Sunday, April 3, 2011
Life is so unpredictable.
A week ago yesterday, Andy and I saw one of my former UNT colleagues, Derek, perform as the Evangelist in Bach's St. John's Passion with Chatham Baroque. Yesterday, as the eventual result of my attending that concert, I performed with the Pittsburgh Baroque Ensemble.
It all started with a Facebook ad.
It's taken us a while to get out to concerts since we've been in Pittsburgh. The very first musical performance I attended was pretty underwhelming, so maybe that was keeping me. Lots of them have been cost-prohibitive, as we're not exactly carrying around large sacks of money these days. Part of me, too, was afraid of how going to a concert would make me feel--that maybe it would remind me of my feelings of total inadequacy. For all of these reasons, I stayed away.
I happened to see an ad for Chatham Baroque on the sidebar in Facebook one day. Since the early music community is a small one, and the ad boasted of guest artists in the upcoming performance, I decided to click on it and see if I knew anyone who would be performing. Sure enough, I saw Derek, with whom I've performed on a number of occasions. Figuring he'd want to know there was a familiar face in the audience, I sent him a message letting him know we were planning on going. He replied, saying he'd comp our tickets (which ended up being a VERY good thing, because it turns out we wouldn't have been able to go otherwi$e).
After the performance (which was great), he and I chatted. He said he'd been telling some of the instrumentalists that there was a baroque cellist around, and that they were surprised and always happy to find local musicians. "You should contact them," he said.
Yeah, right. That is so not me.
But, I did it anyway.
I sent out three quick emails, and I only got one reply, from the Pittsburgh Baroque Ensemble. They were really excited to know I was around. I sent the email on Thursday, I think, and received a reply the same day. Friday afternoon, I received another email, saying that their cellist was sick; would I be able to come to a rehearsal this afternoon for a gig tomorrow? How's that for timing?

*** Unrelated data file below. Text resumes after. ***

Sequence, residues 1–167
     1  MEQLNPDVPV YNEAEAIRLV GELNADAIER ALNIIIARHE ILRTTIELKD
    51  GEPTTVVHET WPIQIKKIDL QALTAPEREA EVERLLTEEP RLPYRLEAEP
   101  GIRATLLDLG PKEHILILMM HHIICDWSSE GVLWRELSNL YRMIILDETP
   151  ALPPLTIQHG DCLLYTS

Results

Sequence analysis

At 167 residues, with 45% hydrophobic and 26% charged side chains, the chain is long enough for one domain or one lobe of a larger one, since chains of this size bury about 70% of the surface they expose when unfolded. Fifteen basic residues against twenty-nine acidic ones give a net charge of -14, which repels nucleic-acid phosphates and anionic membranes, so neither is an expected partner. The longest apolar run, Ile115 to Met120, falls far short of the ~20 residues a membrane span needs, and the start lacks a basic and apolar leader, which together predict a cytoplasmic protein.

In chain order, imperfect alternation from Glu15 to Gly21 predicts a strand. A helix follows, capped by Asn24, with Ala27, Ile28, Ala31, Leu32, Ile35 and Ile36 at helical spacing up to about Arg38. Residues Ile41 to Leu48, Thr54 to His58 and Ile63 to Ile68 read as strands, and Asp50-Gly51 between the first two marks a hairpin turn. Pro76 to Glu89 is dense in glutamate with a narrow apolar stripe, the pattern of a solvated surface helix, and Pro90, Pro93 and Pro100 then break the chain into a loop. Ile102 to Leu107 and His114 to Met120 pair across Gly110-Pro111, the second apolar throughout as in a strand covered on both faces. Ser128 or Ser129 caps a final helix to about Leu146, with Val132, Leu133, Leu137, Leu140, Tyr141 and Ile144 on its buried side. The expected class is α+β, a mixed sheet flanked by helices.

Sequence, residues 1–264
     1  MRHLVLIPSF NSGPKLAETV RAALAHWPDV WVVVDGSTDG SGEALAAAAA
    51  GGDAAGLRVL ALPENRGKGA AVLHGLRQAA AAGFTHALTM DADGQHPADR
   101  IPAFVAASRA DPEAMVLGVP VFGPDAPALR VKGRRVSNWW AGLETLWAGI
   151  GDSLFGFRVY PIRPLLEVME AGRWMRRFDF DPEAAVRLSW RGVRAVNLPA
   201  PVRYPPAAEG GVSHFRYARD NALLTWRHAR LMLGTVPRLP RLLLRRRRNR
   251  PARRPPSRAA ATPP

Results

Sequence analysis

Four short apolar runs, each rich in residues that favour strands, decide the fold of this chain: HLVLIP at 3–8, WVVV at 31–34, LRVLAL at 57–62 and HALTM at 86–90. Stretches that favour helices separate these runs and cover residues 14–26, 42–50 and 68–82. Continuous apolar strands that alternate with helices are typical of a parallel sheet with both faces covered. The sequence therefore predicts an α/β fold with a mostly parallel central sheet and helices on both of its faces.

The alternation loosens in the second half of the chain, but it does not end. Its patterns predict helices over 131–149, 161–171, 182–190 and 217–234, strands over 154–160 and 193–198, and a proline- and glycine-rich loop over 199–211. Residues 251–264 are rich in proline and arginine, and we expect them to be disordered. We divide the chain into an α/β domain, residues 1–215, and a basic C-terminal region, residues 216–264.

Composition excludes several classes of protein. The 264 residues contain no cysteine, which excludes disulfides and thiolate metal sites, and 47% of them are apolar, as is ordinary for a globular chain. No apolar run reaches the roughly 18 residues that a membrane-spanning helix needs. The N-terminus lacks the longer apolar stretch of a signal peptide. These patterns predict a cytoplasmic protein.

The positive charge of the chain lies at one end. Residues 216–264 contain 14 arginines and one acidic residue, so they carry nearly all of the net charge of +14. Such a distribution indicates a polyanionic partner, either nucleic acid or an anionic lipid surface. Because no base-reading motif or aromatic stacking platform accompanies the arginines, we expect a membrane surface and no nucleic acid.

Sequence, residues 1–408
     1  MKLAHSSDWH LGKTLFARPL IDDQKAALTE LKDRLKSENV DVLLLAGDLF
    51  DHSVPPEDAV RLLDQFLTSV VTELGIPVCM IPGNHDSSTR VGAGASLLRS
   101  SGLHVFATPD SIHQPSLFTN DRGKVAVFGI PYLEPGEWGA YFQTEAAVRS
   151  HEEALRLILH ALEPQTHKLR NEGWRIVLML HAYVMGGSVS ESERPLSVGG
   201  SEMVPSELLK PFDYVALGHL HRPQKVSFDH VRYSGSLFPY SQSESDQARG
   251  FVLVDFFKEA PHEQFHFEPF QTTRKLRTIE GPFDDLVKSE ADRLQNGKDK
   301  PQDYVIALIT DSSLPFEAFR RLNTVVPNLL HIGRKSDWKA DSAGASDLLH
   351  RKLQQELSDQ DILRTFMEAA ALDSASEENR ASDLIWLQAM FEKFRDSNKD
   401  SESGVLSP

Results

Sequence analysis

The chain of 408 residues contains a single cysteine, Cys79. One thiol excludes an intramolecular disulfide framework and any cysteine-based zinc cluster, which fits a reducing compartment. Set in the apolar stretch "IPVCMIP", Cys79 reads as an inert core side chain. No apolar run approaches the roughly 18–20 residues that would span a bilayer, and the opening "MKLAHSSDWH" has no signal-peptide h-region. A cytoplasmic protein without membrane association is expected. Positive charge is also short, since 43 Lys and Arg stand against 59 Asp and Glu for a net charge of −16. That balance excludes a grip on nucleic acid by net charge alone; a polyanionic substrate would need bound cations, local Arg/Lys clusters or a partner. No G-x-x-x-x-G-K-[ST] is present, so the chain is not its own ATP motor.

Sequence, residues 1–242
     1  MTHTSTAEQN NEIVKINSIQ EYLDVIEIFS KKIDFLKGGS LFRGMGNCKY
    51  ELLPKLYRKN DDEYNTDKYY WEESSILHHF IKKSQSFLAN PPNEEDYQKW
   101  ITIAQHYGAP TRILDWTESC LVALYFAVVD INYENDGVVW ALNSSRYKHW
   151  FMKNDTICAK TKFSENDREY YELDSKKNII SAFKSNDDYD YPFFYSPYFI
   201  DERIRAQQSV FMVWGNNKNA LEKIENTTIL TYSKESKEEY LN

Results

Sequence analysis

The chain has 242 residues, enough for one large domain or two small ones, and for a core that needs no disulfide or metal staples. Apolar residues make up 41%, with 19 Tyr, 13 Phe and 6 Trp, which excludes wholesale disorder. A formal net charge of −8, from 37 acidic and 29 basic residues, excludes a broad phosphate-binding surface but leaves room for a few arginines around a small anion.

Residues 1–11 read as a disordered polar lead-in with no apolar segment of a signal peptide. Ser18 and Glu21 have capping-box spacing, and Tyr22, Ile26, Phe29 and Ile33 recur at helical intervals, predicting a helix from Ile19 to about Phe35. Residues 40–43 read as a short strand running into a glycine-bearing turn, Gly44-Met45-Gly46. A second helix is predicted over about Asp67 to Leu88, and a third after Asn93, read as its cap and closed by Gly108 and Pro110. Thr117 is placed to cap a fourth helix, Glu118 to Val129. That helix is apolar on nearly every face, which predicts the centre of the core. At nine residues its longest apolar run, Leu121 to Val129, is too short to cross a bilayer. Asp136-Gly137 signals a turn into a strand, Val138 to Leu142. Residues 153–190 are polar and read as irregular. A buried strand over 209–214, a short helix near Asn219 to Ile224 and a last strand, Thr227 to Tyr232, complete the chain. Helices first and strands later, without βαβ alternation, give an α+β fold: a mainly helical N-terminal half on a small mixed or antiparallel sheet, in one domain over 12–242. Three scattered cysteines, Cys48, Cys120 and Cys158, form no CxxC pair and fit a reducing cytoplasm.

So (not having a baroque instrument), I tuned Gus (steel strings and all!) down to 415, and off I went to the rehearsal. It went well, and the director decided that whether or not their cellist was better by the concert, since I played the rehearsal it made more sense for me to play. (Unfortunately, the cellist didn't get the three messages left for her on the topic, so she showed up right before the downbeat, instrument in hand. Awkward all around. I felt bad . . . kind of.) Turns out it was a pretty cool gig--a benefit concert in support of Japan. The emcee was one of the hosts of the classical music station, and there were members of the Pittsburgh Symphony and other really good local musicians. It restored my faith in the music scene here.
A perfect confluence of events. If I hadn't seen that Facebook ad and decided to see who was performing . . . if I hadn't contacted Derek (with whom I was only barely acquainted) . . . if he hadn't offered the comps . . . if we hadn't had that little conversation . . . if I'd sent the email a day later . . . if the cellist hadn't gotten sick . . . if I hadn't been at my computer (I got the email an hour before the rehearsal) . . . if this hadn't been the perfect "experimental" gig to try out a new cellist . . . if if if . . . !
So, who knows what will come of this, if anything. But, the gig went well, and I think everyone was pleased (except the other cellist, probably). Just goes to show you the power of a little initiative, being prepared, and perhaps a little divine help.